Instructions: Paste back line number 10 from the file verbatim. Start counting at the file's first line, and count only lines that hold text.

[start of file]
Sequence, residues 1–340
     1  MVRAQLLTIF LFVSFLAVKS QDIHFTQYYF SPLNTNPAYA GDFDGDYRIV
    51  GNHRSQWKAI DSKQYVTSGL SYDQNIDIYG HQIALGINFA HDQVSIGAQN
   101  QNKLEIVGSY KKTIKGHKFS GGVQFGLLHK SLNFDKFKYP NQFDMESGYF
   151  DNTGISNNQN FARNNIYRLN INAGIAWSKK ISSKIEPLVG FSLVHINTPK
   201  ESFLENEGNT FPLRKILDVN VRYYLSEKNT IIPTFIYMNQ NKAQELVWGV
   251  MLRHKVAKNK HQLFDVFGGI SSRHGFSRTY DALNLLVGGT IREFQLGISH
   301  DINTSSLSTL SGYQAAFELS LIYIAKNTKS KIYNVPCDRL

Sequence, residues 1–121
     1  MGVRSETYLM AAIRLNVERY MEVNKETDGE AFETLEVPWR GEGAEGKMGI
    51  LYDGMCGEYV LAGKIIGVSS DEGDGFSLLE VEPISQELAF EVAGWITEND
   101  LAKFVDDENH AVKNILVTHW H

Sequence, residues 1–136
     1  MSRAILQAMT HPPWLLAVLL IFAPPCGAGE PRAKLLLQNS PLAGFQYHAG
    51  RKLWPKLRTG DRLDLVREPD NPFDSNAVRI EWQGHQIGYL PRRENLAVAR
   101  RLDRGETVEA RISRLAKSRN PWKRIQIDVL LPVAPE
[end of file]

     1  MGVRSETYLM AAIRLNVERY MEVNKETDGE AFETLEVPWR GEGAEGKMGI